State, Private Property and the Supreme Court

In an article published in the recently re launched
Frontline Magazine, I describe the history of the constitutionalisation,
amendment, and ultimately, abolition of the fundamental right to property in
the Indian Constitution. Articles 19(1)(f) and 31 together constituted the
fundamental right to property in the Constitution as adopted in 1950. Article 31 codified what is often described in
political and legal parlance as the “eminent domain” powers of the state. The
Land Acquisition Act, 1894 which is the subject of extensive current debate and
slated to be repealed and replaced by the Land Acquisition Rehabilitation and Resettlement
Bill is one of over a hundred laws enacted in exercise of the state’s power of
eminent domain. This power inherent in the exercise of a state’s sovereignty
allows the state to compulsorily acquire property belonging to private persons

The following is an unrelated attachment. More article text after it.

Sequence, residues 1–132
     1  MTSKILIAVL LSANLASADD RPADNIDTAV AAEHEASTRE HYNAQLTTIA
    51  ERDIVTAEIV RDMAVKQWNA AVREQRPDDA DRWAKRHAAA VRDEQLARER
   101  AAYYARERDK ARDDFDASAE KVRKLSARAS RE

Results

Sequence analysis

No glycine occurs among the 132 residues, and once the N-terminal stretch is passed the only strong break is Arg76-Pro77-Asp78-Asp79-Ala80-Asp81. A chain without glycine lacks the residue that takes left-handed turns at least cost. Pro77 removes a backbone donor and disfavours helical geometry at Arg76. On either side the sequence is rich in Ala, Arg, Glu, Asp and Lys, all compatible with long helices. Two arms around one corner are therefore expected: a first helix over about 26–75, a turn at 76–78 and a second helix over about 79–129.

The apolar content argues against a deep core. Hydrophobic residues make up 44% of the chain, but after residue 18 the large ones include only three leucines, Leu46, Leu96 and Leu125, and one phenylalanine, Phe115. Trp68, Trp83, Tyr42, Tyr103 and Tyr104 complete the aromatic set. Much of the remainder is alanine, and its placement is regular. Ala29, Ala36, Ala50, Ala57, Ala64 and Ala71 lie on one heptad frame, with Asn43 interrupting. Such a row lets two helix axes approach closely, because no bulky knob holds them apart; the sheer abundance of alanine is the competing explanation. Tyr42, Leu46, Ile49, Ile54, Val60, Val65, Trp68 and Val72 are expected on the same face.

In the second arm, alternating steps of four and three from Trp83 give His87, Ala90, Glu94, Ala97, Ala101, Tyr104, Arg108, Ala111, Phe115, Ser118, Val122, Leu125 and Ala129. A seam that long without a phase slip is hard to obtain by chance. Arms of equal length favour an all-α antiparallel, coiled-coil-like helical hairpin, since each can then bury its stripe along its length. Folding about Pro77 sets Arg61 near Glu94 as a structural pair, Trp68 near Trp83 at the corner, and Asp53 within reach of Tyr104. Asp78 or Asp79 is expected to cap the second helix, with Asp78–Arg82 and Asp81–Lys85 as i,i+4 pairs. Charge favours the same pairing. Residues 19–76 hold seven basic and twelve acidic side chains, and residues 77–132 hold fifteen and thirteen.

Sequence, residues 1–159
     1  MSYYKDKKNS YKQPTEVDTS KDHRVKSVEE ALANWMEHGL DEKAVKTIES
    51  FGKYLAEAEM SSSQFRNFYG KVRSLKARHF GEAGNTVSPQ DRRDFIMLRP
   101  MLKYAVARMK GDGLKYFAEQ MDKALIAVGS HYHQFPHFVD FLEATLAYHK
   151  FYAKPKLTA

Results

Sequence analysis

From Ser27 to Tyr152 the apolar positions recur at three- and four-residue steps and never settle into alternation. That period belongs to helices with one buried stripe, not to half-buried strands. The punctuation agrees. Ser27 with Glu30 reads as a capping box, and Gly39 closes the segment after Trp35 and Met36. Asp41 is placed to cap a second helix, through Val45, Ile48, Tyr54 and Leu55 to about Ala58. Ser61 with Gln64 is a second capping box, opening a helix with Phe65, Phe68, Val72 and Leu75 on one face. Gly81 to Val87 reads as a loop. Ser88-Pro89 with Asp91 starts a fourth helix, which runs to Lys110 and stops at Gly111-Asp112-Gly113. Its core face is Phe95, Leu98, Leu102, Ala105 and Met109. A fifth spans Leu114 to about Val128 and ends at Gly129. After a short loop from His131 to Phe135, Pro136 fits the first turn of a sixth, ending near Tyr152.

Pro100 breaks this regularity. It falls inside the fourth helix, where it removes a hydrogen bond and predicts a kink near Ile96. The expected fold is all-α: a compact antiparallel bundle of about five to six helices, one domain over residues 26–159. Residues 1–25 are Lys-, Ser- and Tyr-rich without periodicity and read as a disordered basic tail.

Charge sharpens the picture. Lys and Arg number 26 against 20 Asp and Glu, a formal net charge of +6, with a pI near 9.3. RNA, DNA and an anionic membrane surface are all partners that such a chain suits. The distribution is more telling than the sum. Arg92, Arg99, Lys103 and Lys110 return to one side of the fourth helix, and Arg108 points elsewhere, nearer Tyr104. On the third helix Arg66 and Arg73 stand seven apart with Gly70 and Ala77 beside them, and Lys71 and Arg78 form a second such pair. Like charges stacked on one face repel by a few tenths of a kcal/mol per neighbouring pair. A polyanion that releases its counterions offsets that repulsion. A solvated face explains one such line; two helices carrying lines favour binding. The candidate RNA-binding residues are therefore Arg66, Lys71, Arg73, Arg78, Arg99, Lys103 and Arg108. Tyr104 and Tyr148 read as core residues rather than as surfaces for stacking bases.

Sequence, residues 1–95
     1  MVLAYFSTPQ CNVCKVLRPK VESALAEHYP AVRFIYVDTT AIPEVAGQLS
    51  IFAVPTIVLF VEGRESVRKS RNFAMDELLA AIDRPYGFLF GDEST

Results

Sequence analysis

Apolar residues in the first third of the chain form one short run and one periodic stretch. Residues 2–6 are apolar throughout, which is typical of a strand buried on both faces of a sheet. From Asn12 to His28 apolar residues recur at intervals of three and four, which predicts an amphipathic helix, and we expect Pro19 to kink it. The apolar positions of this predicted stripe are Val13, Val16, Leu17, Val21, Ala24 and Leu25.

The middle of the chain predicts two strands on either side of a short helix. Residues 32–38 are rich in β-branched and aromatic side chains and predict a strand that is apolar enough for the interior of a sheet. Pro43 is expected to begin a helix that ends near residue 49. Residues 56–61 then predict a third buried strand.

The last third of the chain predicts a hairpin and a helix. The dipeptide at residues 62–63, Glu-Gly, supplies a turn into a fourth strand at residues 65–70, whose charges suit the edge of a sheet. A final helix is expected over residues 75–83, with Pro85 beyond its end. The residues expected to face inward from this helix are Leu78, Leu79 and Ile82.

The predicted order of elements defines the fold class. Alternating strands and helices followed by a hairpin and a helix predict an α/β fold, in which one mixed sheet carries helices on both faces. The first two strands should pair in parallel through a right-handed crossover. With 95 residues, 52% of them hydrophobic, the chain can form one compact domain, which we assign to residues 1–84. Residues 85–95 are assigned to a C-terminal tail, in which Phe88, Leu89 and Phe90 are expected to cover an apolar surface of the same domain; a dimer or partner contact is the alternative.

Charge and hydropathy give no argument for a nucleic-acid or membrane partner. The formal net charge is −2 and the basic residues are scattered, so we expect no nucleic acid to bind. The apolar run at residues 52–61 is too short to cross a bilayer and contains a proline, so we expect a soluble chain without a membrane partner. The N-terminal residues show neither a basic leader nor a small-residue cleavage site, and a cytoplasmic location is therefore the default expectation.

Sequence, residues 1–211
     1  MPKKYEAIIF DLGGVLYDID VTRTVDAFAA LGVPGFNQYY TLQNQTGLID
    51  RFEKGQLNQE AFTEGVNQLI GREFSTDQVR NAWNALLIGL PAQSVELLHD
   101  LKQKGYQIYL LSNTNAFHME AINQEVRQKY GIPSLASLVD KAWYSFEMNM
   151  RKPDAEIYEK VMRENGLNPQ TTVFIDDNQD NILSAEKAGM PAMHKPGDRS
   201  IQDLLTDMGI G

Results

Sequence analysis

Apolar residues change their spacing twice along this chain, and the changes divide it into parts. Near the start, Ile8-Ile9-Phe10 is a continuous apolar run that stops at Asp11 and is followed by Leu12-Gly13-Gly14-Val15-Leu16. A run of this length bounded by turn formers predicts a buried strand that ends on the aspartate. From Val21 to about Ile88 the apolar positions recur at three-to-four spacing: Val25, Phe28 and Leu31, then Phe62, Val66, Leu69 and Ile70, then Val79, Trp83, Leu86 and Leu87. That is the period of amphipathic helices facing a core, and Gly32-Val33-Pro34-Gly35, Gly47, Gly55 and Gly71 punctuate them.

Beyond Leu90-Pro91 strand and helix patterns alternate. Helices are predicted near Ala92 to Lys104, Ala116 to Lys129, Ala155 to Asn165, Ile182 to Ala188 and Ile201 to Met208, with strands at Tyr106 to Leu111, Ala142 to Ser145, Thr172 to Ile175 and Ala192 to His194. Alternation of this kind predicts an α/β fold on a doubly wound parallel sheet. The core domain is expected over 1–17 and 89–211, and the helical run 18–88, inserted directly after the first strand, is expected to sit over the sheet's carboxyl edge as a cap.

for a public purpose upon payment of just compensation. The twin requirements
of public purpose and just compensation are based on the rationale that no
individual should have to disproportionately bear the burden of supporting the
public good.
In the article, I review
the Supreme Court’s jurisprudence on the fundamental right to property
enshrined in Articles 19(1)(f) and 31 from the period 1950-1978, and on the
constitutional right to property enshrined in Article 300 A post the 44th
Constitutional Amendment that abolished Articles 19(1)(f) and 31. In light of
this historical review of the Court’s jurisprudence, I argue that
reinstatement of the fundamental right to property in the Constitution on its
own will do little to protect the interests of poor peasants and traditional
communities who are currently facing displacement through processes of large
scale acquisition of land for private industry and infrastructure projects.
I have previously
written about issues relating to land acquisition herehere and here. Other discussions about land acquisition on
this blog can be accessed here and here.

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